This study was undertaken as a joint project of the Alberta Scientific Research Authority (ASRA) and the Alberta Geological Survey (AGS) to evaluate the coal resources and potential coalbed methane resources within Upper Cretaceous-Tertiary strata of the Plains region of Alberta. The uppermost Cretaceous-Lower Tertiary stratigraphic interval in the Alberta Plains can be divided into seven discrete groups and formations: the Lea Park Formation, Belly River Group Bearpaw Formation, Horseshoe Canyon Formation, Whitemud and Battle formations, Scollard Formation and Paskapoo Formation. The Lea Park, Bearpaw and Whitemud Battle formations consist of relatively fine-grained siliciclastic sediments deposited in a marginal marine or lacustrine environment. The Belly River Group and the Horseshoe Canyon, Scollard and Paskapoo formations consist of interbedded sandstone, siltstone and mudstone of terrestrial origin.
Within the Uppermost Cretaceous-Lower Tertiary formations, seven coal zones were identified and correlated. The McKay Coal Zone lies in the lowest part of the Belly River Group. The Taber Coal Zone occurs in the upper part of the Belly River Group (Foremost Fm.), below the finer grained uppermost Belly River Group (Oldman Fm.). The Lethbridge Coal Zone is located in the uppermost Belly River, below the Bearpaw Formation in the southern Plains. The lower Horseshoe Canyon Formation contains the Drumheller Coal Zone. The upper Horseshoe Canyon contains the Daly-Weaver Coal Zone in its lower part and the Carbon-Thompson Coal Zone near the top. The Ardley Coal Zone, one of the most prospective coal zones in central and northern Alberta, occurs within the upper Scollard Formation. There are also some minor coals in the lower Paskapoo Formation.
Maps presenting coal-zone distribution and thickness, net coal and depth to top of each coal zone were generated from the AGS CBM-coal database (EUB/AGS 2002), an extensive database including more than 7500 oil and gas wells, 32 000 coal picks, 1500 vitrinite reflectance results and 16 000 stratigraphic picks compiled under the current ASRA-AGS joint project. Cross-sections showing basin geometry, stratigraphy and coal-zone distribution were constructed to verify coal zone correlations (not included in this report).
Gas potential within the basin is poorly understood, with less than 20 wells having publicly available gas-concentration data for the Upper Cretaceous-Tertiary strata in the Plains. Utilizing existing public-domain data, and data collected under the current ASRA-AGS collaborative project, gas-concentration and resource distribution maps and summations were generated for each of the seven coal zones within the study area.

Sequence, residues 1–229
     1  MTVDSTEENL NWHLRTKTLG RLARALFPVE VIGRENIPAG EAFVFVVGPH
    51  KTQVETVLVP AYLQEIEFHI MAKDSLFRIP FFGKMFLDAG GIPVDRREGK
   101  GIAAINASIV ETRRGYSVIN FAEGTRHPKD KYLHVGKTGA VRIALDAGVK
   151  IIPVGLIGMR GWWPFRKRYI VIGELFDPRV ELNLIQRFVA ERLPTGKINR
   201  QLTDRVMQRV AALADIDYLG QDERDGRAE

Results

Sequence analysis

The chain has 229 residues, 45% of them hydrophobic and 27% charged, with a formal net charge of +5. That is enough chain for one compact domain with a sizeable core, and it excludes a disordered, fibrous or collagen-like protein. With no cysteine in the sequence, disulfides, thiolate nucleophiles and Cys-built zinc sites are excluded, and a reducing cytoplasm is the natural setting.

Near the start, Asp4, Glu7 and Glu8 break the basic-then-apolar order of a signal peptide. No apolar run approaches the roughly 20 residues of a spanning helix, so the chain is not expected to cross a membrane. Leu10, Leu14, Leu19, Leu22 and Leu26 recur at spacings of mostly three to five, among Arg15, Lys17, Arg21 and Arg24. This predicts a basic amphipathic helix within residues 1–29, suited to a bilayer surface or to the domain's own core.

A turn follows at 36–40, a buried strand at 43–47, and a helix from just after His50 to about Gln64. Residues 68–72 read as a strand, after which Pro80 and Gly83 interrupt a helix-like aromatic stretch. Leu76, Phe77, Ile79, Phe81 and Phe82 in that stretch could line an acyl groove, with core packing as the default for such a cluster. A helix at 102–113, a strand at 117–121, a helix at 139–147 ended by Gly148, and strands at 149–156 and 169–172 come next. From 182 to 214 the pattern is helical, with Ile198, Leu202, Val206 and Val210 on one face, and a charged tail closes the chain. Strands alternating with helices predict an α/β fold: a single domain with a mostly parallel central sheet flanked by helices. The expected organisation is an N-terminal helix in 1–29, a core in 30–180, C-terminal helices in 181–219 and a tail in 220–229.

Potential gas resources for the Upper Cretaceous-Tertiary strata of the Alberta Plains total 186 trillion cubic feet (Tcf), (5.27*1012 m3). This number includes all potential coal-gas resources contained within the seven coal zones evaluated, regardless of depth and net coal thickness. Shallow coals generally have lower gas potential than deeper coals, although biogenic methane may be a contributor to shallow coal-gas resources. Furthermore, net coal thicknesses of less than 1 m are unlikely candidates for production completions. Considering these two factors, resources were also calculated by omitting coals less than 1 m in net thickness and less than 200 m in depth to provide a 'constrained' gas-resource potential of 147 Tcf. (4.16*1012 m3). No data are currently available to evaluate gas potential of interbedded clastic rocks associated with the coal zones.
The majority of the potential gas resources are held within the Horseshoe Canyon Formation (40%); however, only 22% of the potential gas resources occur within the Drumheller Coal Zone. The Ardley Coal Zone of the Scollard Formation contains 34% of the total potential gas resources, and the McKay Coal Zone of the Belly River Group contains 13% of the total potential gas resources. Maps of gas-resources potential indicate numerous areas of potential interest for coalbed methane (CBM) exploration within the Alberta Plains.